Life Before the Internet

History Lessons from the Historically Ignorant.

I was alive before the Internet so I remember it quite well. And I can’t tell you how many times I’ve been asked what it was like before there was such a thing as “cyberspace.” Mostly because I’ve never been asked.

Hence the need to write a post about it. LOGIC!

Okay. So first off, the earth was a cold, barren place. The sky was filled with darkness and a sense of foreboding hung heavy in the air. I assume you’ve seen the first ten minutes of 2001: A Space Odyssey?

Also, humans roamed in packs like wolves, but with shoes.

Yeah, we had shoes.

Actually, it was totally fine. There was a lot of really great, amazing shit happening. As a kid, I was pretty content with my Casio mini-keyboard and my backyard for entertainment. Even though we had no Internet, let alone iPads or cell phones, I was never bored because I would just go outside, talk to myself, and make pretend-tea out of dirt and puddle water. I also had Hungry Hungry Hippos so, yeah, life was pretty sweet.

And then the Internet came and shit changed. Some for the good, some I could totally do without. Like I don’t need Tumblr or Twitter in my life. But I do like Medium <insert winking whore emoji>.

So for those of you who were born in late 90’s or some made-up decade like the “aughts,” or you older folks who’ve mostly blocked-out anything that happened prior to say, 1994*, here’s a completely incomplete list of how the Internet changed the world:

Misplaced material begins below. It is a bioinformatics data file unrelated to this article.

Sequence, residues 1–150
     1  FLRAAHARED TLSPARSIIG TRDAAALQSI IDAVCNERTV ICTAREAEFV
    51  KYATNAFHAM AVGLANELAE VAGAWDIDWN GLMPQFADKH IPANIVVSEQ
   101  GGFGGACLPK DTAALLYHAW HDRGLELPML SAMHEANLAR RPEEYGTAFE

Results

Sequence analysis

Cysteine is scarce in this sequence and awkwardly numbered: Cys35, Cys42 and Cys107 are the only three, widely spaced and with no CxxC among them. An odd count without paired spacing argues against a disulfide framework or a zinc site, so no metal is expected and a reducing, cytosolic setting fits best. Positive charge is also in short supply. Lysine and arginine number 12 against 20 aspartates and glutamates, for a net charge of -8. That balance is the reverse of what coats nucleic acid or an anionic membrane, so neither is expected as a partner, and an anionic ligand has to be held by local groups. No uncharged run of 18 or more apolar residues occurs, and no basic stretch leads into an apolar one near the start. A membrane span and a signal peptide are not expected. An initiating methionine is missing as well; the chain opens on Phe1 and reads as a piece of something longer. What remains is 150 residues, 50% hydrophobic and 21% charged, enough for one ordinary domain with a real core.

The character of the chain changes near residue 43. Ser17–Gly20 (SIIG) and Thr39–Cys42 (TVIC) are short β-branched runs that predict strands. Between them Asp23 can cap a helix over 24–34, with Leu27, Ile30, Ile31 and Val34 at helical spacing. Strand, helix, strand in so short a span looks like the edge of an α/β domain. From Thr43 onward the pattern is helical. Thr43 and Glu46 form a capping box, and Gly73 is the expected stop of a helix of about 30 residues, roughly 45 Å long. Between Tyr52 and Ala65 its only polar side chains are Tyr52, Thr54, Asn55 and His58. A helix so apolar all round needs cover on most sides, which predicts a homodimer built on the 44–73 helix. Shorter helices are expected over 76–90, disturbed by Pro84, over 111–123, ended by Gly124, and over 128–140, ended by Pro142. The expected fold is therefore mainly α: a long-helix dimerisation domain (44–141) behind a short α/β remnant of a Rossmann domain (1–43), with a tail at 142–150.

1. Listicles didn’t exist as such. Oh sure, people made lists, but mostly things like shopping lists or to-do lists. Or even list jokes that they recited live and in person. Also, there was The Book of Lists which is literally days and days worth of entertainment that I haven’t the capacity to recommend enough.

2. Which brings us to Books. I don’t know about you guys, but I remember a little something called the en-sahy-kluh-pee-dee-uh (or encyclopedia). I also remember grabbing the L-N volume and reading nineteen pages about the Louisiana Purchase. I then proceeded to switch back and forth between the encyclopedia and the thesaurus trying to find different words to use so I wasn’t accused of plagiarism while writing my 5th grade essay entitled “The Louisiana Purchase: Turns Out You Can Sell Shit You Don’t Actually Own!”

3. No one shared pictures of food. The only people who took pictures of food were food photographers who got paid to take pictures of food. It was a very confusing time.

4. You had to look up movie times in the … newspaper! Whuuuut?!

If you didn’t have a subscription to the local paper, you might as well go stick your head in the dirt because you, sir, had no fucking idea when Back to the Future was playing. Unless, of course, you called Moviefone.

5. Speaking of paper, don’t forget The Great & Powerful Phone Book.

How do I find a plumber? How do I get a pizza delivered? The phone book, idiot. It’s not like there’s some series of tubes that contain this elusive information.

6. On the topic of phones, you either called your friend on a telephone — corded and then eventually, cordless—or spoke to them in person. Creepy, right?

And that phone had NO camera or games.

And yet, we JUST. KEPT. USING. IT.

7. Thanks in part to Title II of The Communications Act of 1934, and the overdue 1982 breakup of the Bell system, corporations couldn’t hold public utilities (systems of communication like telephone and radio) for ransom. Sadly, the repealing of the Fairness Doctrine in 1987 began a deterioration of the public interest standard for broadcast television, yada, yada, yada, then the Internet came along and… well, now the FCC is the official ball-cupper of the ISPs. For more info read: Net Neutrality

8. If you didn’t know if that guy who played Kojak was still alive or not, you were just left to forever wonder. Or get in your car, drive to a bookstore and buy a current Almanac (a book).

9. Also, libraries.

10. Anonymous people who wanted to write mean things to other people had to spend money on postage. Or at least take the time to find your phone number… thanks again, phone book.